Return

Album Review of Return by Katy J Pearson.

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Return

Katy J Pearson

Return by Katy J Pearson

Release Date: Nov 13, 2020
Record label: Heavenly
Genre(s): Pop/Rock, Alternative/Indie Rock, Indie Rock, Alternative Singer/Songwriter, Indie Folk

80 Music Critic Score
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Return - Very Good, Based on 3 Critics

AllMusic - 80
Based on rating 8/10
80

England's Katy J Pearson launched her music career in the mid-2010s as half of indie pop duo Ardyn with her brother, Rob Pearson. After creative differences with their London-based label put the brakes on releasing material, they worked up songs outside of the project for Katy to perform solo. Those efforts gained steam when she relocated to Bristol, eventually signing with a different London label, Heavenly Recordings, for her full-length debut.

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DIY Magazine - 80
Based on rating 4/5
80

Much like how Julia Jacklin's first two superlative albums took country-indebted beginnings and enlivened the age-old genre with a new guise for the modern alt-indie fan, so does Katy J Pearson's debut manage to make the oldest sound of musical heartbreak somehow seem, if not fully modern, then at least fairly timeless. There's a Stevie Nicks-esque quality to her vocals on the yearning 'Hey You', while 'Something Real' builds from tender, affective beginnings to an all-out yell for emotional fulfillment; elsewhere, the sparse acoustic balladry of 'Return''s title track allows for Katy's reflective lyrics to cut through ("I've changed like the weather, I've changed for the better…"), while 'Miracle' puts more flesh on the bones - strings and keys coalescing into something tenser and more urgent. Whichever mode she's in, however, Katy manages to find humanity in every moment.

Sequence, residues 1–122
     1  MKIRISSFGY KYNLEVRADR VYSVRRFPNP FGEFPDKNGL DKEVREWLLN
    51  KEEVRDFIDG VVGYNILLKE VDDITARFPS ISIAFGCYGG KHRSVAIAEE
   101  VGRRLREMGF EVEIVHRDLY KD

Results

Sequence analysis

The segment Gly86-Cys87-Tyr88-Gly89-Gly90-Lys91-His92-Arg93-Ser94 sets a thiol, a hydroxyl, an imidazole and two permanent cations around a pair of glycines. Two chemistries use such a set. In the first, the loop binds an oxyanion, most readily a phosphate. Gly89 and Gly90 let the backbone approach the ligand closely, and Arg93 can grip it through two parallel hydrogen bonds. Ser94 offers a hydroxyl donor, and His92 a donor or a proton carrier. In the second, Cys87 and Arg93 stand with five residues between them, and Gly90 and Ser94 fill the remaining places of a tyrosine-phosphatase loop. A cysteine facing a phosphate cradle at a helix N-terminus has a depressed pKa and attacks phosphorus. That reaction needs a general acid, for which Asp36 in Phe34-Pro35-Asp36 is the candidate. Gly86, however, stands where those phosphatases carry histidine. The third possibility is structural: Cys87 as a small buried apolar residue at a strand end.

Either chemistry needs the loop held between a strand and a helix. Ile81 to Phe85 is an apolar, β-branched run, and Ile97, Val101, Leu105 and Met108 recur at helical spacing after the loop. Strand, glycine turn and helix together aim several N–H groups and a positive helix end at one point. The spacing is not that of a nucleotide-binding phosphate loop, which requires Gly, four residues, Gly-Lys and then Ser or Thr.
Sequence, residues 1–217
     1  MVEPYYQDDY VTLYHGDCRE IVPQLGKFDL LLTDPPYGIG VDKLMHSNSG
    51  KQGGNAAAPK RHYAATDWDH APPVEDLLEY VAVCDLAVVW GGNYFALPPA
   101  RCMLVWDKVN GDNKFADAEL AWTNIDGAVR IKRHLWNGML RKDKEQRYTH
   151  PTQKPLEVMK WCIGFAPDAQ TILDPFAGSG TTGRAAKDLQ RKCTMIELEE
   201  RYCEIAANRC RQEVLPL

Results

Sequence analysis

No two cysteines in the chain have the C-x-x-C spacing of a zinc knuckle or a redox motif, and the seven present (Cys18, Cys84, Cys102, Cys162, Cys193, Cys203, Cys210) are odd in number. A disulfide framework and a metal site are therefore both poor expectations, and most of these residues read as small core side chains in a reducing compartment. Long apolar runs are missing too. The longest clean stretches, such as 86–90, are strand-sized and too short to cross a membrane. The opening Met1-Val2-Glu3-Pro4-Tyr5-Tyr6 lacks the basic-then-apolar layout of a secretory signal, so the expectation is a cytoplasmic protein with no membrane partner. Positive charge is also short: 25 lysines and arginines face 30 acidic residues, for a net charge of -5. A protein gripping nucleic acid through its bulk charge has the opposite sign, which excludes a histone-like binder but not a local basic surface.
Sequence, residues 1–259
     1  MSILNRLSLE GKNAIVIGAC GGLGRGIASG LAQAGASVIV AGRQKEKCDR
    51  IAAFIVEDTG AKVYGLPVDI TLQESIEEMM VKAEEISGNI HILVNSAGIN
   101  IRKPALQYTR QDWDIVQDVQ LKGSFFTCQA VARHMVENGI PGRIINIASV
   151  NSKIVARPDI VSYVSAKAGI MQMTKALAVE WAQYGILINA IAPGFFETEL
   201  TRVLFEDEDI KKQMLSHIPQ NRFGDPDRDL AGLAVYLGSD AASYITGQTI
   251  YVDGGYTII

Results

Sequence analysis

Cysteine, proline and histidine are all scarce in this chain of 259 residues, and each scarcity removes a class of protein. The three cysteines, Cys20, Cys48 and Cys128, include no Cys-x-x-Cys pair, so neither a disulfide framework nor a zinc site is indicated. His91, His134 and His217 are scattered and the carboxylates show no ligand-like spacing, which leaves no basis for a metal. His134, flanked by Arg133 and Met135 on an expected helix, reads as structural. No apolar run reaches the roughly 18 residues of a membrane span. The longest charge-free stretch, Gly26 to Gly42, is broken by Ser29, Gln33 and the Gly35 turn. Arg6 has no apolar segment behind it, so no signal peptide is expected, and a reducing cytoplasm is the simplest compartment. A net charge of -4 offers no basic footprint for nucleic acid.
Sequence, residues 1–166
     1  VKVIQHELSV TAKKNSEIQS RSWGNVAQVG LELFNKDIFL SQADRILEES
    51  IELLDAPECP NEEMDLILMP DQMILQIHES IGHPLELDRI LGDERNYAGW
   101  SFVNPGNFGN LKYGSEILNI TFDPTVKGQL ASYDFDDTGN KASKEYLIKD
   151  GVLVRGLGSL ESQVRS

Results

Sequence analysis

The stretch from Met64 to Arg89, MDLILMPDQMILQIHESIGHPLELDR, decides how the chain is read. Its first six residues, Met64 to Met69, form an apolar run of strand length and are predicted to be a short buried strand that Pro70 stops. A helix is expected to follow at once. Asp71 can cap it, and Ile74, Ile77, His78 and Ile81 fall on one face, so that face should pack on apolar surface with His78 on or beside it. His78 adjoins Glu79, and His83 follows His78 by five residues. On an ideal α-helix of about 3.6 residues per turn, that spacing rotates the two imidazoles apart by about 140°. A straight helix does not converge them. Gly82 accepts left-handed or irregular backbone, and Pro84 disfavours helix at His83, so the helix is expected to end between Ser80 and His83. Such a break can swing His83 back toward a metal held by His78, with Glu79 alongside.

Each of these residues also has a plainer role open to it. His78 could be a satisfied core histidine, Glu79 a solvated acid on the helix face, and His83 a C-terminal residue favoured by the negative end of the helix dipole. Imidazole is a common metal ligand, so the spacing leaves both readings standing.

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The Line of Best Fit - 80
Based on rating 8/10
80

Coming in a neatly packaged 10-track bundle of hope, Return peaks and troughs between indie-pop hooks ("Fix Me Up") and more stripped back intimate moments ("Waiting For The Day"), featuring Pearson's unique twangs of skewed western Americana throughout. Despite being her debut album as a solo artist, its title eludes to a re-entry into the world of music-making. It symbolises closing a chapter on the artist's previous musical career as one half of a project with her brother where their creative instincts were shut down by the pressures of a major label record deal.

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